Friday, September 28, 2012

Looper (2012)


Time travel is confusing.  Once you think you may have a grasp on it and have ironed out the 'what-ifs', a new paradox will pop up and collapse your argument which was a house of cards anyways.  There are too many holes, and especially plot holes, when you try to rationally reason through what it means to travel through time and change the past.  Once time travel is invented, hasn't it always been invented then?  If you go back in time and change something, will you just disappear because your specific future no longer exists?

Looper sidesteps this whole enigma by having old Joe (Bruce Willis) tell his younger self that there is no use trying to figure it all out; it will just confuse you.  This one statement immediately smooths out the conversation he is having with young Joe (Joseph Gordon-Levitt), the audience's mental gymnastics, and while still leaving them right there in front of you, chooses to ignore the Grand Canyon sized plot holes.  If you spend enough time with a pen and a sheet of paper, you will most likely identify a dozen or so glaring issues with jumping back through time, but where is the fun in that?  With Looper, it is enough to recognize you have a creative story to watch and gifted actors to watch carry it out.

The year is 2044, not so far in the future to imagine teleportation and interstellar flight, but far enough to dream up new technology, weapons, and illicit drugs.  2044 is quite similar to today's reality, but its every day norms and today's extreme edges magnified by 1000.  There are hover motorcycles, currency is literally based on gold and silver, and the drug all the kids are using is administered through eyedrops and appears to have the effects as cocaine.  There is also some glaring income inequality, you either have money or you do not; there is no middle class.  The city landscape shows thousands of people living on the sidewalks and sometimes in the middle of the street.  If someone steals from you, it looks like you are allowed to pull out your personal shotgun and teach them a severe lesson. 

Young Joe is a looper.  At a specific time and always in the same place, the edge of a corn field, a hooded person will appear out of nowhere and all Joe has to do is immediately pull the trigger on his weapon and get rid of the body.  These unfortunate souls are being sent back through time from 30 years in the future where time travel is illegal; therefore, it has morphed into a black market time travel system run by the mob.  Young Joe is paid handsomely to do these simple tasks and spends the rest of his day and most of the night going to a club to drink, dance, take drugs, and spend time with Suzie (Piper Perabo), his favorite lady of the evening.  

There are rules to follow though.  Since the system is run by the mob, breaking the rules is frowned upon.  I will not go into the rules because young Joe does a good job explaining to you what they are.  In his film noir, gravelly voice, which is trying to match a young Bruce Willis in style, Joe opens the movie and brings you up to speed on what has been happening with the time travel business and his specific spot on the food chain.  He has looper friends with Seth (Paul Dano) as his closest one and he gets called in to see the boss, Abe (Jeff Daniels), from time to time.  Other than that, young Joe is really running his own loop with his day job and his nightly activities.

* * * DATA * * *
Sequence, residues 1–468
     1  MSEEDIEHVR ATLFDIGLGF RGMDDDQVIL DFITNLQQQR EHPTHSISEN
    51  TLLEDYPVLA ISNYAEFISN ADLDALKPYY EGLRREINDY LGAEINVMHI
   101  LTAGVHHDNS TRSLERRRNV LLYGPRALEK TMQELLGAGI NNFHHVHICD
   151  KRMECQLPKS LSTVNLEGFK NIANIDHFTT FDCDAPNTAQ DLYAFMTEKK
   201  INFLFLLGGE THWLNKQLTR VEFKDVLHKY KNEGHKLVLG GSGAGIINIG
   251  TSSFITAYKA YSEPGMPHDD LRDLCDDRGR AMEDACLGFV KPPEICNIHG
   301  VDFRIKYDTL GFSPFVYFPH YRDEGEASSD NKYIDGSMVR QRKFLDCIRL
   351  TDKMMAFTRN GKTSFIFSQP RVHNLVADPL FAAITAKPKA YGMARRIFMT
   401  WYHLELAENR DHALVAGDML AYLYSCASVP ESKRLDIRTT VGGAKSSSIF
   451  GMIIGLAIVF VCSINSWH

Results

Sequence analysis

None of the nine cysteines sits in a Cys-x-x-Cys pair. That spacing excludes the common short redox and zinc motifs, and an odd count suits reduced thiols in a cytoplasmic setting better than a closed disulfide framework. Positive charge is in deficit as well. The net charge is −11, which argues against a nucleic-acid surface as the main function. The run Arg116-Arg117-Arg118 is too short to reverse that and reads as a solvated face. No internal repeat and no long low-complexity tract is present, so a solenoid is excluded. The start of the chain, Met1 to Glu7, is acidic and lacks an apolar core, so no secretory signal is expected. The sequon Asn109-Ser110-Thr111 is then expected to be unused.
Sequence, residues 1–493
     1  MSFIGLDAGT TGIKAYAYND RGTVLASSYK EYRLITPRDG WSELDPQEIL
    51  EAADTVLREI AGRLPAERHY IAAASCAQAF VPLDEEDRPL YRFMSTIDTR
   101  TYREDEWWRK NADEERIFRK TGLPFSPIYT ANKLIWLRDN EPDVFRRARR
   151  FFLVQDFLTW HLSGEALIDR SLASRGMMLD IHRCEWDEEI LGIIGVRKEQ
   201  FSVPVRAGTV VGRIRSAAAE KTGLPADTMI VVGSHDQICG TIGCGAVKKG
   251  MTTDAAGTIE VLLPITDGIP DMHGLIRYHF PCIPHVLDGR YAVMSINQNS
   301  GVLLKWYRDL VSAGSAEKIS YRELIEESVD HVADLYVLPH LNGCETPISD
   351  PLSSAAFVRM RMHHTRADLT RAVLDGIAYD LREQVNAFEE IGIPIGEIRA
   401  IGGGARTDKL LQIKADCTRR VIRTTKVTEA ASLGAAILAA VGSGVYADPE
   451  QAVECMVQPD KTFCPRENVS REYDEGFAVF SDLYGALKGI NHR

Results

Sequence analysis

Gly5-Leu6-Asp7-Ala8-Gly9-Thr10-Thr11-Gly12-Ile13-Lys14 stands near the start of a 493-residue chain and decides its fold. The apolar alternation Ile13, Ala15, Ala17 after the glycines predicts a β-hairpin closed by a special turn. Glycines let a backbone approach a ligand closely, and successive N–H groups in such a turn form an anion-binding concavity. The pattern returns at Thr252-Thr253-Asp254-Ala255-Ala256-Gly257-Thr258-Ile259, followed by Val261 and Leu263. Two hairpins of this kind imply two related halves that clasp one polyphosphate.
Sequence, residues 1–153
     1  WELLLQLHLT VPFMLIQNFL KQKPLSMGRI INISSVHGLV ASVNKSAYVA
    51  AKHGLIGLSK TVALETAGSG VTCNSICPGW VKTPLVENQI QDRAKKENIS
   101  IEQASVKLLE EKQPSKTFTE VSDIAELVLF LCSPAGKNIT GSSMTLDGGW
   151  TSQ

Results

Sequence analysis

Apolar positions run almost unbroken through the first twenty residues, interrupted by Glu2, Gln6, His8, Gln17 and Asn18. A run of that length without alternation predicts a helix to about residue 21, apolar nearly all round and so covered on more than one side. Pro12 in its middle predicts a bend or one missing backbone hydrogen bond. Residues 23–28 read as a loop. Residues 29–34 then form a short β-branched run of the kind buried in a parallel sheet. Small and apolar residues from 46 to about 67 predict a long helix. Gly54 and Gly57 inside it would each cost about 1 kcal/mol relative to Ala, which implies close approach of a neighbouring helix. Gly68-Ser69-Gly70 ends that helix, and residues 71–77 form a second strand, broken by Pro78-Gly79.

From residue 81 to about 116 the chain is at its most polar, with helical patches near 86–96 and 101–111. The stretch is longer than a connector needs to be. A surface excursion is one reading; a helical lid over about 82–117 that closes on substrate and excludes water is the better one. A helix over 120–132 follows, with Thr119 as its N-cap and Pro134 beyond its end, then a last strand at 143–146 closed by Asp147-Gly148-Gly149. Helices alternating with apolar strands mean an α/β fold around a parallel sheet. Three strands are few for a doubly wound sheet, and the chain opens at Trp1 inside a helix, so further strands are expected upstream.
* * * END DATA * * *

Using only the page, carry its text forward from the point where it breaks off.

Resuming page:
Old Joe effectively ends that routine as soon as he pops into the corn field out of thin air.  One would think that young Joe would have some questions or would want to cut his older self some slack, but no such luck.  Young Joe enjoys his current situation and is in no frame of mind to have it messed with, even if it is a version of him doing the interrupting.  Old Joe is on a quest to change the past and does not seem too pleased to run into his former self either.  These two are the same man, but they certainly are different people.  Joseph Gordon-Levitt is really the leading man here because Willis is in more of a supporting role and has noticeably less screen time; however, Bruce still gets top billing on the poster and in the credits.  I wonder if that chafes Gordon-Levitt?     

Both Gordon-Levitt and Willis are very good here.  On one hand, they are playing the same person and must try and match each other's facial ticks and mannerisms, but on the other hand, Gordon-Levitt is playing a kid against Willis's older and yes, wiser, character.  Another supporting character is Sara (Emily Blunt) but I leave it to you to discover her role.  Sara is saddled with most of the slower scenes in the middle which drag on a bit, but it's good to take a break from Joe, both young and old, after awhile.  Looper was written and directed by Rian Johnson (Brick, The Brothers Bloom) who should be commended for sitting down and puzzling through what must have been a very arduous screenplay.  

You will not understand the physics of how everything works in Looper (probably because the physics actually don't work), but you don't have to.  Let young and old Joe worry about that.  You just get the pleasure of sitting back and enjoying an original, thought-provoking, and well made sci-fi, action thriller.

No comments:

Post a Comment